How parallel parenting can help high-conflict divorce

On Behalf of | Sep 5, 2023 | Child Custody |

Couples going through a high-conflict divorce in New Hampshire frequently have difficulty coming to a child custody agreement with their former spouse. Yet, scientific research indicates that children of divorce do better when both parents remain involved in their lives. One solution to this conflict is parallel parenting.

What is parallel parenting

Parallel parenting is a method of shared child custody where the parents interact as little as possible with one another while maintaining relationships with their children. It can be a long-term solution or temporary until the spouses can put aside their differences, assume a civil relationship and work more directly with each other.

Compared to co-parenting, where both spouses work together to raise their children, couples engaging in parallel parenting assign specific responsibilities to each parent, carrying out daily duties without involving the other parent. Exact details depend on your parenting plan, with some couples agreeing on agreeing on major decisions, while others assign a particular area to each parent. In this scenario, parents alternate going to appointments, school events and the like with their children to reduce their time with their former spouse.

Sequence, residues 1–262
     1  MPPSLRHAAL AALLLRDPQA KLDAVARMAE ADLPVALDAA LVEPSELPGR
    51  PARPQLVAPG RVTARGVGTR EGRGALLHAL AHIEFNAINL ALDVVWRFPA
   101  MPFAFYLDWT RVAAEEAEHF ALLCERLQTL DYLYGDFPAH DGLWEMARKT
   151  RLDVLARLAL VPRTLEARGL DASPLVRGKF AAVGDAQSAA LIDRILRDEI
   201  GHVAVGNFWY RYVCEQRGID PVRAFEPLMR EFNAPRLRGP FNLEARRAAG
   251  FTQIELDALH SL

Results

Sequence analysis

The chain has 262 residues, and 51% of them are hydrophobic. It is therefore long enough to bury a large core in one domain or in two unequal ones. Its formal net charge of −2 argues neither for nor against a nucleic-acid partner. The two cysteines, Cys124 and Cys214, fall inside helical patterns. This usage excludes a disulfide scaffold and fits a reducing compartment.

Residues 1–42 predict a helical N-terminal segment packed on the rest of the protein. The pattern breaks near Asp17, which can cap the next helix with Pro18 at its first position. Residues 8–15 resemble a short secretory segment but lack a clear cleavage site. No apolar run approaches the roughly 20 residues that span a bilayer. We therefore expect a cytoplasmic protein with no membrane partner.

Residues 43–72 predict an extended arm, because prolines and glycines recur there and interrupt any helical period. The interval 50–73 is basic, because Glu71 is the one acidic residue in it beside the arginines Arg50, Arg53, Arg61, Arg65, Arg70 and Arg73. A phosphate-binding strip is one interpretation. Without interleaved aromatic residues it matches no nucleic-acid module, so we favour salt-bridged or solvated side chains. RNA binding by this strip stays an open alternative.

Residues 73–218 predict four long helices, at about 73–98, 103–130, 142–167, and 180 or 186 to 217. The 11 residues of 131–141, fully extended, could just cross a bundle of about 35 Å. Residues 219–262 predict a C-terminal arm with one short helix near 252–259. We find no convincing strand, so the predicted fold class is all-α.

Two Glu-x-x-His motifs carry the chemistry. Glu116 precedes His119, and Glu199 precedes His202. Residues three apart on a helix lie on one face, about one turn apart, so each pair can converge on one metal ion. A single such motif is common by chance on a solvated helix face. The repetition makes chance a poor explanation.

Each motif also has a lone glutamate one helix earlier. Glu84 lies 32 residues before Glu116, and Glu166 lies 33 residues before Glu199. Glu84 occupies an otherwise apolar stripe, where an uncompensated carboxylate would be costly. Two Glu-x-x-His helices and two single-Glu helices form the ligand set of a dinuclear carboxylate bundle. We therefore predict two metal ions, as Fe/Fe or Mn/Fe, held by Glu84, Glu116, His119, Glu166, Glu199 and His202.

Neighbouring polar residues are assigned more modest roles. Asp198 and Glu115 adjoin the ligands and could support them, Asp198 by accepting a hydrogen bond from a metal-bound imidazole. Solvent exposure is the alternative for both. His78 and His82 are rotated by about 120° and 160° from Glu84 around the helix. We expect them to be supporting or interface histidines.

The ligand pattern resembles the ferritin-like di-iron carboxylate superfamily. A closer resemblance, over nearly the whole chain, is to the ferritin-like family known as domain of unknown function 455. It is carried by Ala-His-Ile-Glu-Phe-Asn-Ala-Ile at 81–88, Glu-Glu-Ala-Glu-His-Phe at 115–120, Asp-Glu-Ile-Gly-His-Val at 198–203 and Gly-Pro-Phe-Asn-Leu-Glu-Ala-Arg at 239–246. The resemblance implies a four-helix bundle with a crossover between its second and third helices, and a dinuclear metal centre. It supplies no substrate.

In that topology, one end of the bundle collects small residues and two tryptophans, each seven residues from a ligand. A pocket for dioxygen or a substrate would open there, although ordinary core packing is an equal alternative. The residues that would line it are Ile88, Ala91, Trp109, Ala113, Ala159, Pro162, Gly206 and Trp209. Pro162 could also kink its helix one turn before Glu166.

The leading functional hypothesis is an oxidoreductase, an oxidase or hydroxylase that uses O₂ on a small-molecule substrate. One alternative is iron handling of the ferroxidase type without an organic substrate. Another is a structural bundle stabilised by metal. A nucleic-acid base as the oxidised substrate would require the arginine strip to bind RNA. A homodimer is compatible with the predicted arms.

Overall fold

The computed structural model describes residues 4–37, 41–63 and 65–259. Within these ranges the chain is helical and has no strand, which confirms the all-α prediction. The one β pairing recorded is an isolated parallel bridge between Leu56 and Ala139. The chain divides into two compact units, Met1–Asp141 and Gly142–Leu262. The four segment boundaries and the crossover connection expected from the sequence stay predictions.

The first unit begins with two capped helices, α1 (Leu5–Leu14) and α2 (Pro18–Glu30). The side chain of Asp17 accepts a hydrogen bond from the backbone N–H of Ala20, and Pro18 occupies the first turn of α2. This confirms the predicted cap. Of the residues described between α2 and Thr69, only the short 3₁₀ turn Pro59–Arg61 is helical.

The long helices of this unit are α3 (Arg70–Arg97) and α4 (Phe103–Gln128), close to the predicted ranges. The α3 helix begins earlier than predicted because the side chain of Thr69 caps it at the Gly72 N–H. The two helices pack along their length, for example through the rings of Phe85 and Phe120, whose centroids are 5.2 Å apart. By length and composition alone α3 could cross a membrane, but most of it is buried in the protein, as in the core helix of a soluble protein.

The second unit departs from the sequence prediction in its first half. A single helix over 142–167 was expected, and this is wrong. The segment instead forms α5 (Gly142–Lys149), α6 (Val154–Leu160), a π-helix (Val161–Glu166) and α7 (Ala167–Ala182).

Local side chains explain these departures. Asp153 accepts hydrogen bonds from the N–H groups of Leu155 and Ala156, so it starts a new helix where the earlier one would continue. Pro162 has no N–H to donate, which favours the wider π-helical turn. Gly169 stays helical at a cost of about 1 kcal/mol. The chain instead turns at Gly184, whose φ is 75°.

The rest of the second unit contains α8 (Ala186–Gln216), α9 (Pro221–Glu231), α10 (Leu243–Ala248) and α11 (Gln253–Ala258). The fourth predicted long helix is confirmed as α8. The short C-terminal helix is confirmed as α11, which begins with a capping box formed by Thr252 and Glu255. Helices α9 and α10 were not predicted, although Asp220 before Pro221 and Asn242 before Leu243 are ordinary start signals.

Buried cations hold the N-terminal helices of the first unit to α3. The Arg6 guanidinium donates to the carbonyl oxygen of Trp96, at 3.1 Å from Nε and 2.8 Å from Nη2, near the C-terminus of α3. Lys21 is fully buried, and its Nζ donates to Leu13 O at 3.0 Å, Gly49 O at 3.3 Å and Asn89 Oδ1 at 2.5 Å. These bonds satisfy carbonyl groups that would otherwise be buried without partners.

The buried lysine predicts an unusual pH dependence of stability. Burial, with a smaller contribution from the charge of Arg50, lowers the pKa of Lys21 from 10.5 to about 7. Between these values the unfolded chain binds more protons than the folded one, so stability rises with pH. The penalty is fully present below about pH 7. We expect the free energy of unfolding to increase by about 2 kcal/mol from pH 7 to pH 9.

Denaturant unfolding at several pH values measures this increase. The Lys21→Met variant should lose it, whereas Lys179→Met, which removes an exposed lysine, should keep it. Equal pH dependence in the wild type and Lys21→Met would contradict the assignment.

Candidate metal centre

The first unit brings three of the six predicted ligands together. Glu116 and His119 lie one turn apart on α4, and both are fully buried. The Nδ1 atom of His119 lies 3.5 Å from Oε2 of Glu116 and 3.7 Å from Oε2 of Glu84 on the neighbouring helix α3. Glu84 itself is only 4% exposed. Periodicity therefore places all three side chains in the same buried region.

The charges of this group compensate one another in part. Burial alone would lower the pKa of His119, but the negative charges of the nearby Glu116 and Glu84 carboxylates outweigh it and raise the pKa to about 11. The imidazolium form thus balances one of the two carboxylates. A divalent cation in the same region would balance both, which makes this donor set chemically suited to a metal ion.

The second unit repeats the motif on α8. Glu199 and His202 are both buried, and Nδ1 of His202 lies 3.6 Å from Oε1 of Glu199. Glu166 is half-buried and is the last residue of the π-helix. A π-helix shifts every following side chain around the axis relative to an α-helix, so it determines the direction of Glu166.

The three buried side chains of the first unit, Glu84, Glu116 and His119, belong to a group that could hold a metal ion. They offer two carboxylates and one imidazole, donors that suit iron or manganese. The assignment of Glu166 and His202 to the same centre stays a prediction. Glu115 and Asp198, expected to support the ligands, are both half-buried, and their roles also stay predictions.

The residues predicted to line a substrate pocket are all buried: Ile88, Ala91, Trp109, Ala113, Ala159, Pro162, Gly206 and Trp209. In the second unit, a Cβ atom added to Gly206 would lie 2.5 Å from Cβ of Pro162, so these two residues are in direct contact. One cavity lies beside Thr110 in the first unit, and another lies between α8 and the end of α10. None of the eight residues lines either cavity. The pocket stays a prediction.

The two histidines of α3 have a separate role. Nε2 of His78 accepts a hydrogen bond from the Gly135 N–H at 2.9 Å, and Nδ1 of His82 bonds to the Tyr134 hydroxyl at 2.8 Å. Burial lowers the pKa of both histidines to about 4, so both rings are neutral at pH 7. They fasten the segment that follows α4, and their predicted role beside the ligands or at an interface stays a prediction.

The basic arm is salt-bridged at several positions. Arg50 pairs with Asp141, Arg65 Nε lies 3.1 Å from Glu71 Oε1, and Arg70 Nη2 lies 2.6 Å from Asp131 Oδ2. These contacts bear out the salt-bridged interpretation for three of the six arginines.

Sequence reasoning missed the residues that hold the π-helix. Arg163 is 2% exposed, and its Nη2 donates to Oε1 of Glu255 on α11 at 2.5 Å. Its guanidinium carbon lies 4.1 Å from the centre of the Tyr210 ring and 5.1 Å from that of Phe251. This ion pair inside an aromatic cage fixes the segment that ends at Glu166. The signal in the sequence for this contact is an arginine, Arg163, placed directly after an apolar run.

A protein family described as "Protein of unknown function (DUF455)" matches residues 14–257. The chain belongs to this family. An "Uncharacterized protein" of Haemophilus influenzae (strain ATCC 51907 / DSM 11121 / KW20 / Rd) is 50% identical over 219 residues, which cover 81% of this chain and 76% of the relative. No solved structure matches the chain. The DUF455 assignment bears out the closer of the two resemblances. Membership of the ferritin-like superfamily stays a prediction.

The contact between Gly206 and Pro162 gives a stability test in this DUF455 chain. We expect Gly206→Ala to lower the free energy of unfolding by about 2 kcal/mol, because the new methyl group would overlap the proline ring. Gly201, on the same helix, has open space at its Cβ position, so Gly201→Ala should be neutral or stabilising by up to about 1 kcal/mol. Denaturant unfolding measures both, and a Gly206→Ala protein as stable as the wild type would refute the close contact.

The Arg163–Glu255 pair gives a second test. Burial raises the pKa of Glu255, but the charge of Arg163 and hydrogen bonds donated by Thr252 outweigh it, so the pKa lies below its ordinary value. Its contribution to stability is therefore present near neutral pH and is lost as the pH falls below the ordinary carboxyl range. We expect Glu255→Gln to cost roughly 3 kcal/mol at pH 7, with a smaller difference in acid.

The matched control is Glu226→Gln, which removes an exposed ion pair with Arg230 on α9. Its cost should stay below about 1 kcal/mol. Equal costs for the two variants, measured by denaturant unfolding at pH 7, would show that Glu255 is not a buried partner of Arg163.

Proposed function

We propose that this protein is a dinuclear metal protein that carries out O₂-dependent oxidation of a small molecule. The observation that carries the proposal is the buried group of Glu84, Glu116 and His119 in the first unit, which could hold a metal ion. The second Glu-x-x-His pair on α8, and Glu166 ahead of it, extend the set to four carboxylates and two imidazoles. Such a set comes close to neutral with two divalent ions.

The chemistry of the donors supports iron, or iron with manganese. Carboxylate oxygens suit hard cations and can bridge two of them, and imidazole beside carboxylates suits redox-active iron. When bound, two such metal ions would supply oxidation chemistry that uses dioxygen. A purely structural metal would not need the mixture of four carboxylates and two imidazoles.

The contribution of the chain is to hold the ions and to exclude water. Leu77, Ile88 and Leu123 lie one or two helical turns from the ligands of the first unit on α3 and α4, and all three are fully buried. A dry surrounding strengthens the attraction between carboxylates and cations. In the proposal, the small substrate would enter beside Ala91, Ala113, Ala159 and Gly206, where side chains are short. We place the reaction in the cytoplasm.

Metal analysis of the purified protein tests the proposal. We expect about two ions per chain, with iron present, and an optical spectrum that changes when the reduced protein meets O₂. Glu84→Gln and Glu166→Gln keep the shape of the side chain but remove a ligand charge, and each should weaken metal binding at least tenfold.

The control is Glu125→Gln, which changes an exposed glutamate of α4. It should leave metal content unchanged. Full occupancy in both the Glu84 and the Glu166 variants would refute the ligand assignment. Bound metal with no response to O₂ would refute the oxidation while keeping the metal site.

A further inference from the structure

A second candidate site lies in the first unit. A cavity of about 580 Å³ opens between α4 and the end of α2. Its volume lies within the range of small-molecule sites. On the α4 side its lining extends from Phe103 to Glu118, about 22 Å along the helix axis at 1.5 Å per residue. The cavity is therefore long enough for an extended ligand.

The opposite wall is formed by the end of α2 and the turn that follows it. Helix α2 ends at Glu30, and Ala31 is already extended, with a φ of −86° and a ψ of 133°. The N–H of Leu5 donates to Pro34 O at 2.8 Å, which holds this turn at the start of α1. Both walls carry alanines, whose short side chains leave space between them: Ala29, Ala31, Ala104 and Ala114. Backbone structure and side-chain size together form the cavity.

Benefits of this plan include:

• Minimizing conflict

• Allowing both parents to remain involved

• Experiencing fewer behavioral problems

• Fewer emotional problems

• Better family relationships

Developing a parallel parenting plan

New Hampshire courts favor parenting plans where both parents spend adequate time with their children. In contentious divorces, even developing a parallel parenting plan can be challenging. If this sounds like your situation, involving a neutral third party in the negotiations can help. A mediator may be able to help you work out the details so you don’t have to face your spouse directly. Going through mediation can help you focus on your children instead of your conflict.

All custody agreements should focus on the children’s best interests, not the parents’ wishes. Thus, spouses frequently have to compromise on the final plan. Note that you can modify your agreement and transition to a more traditional co-parenting plan if you and your spouse resolve differences and feel greater cooperation is possible.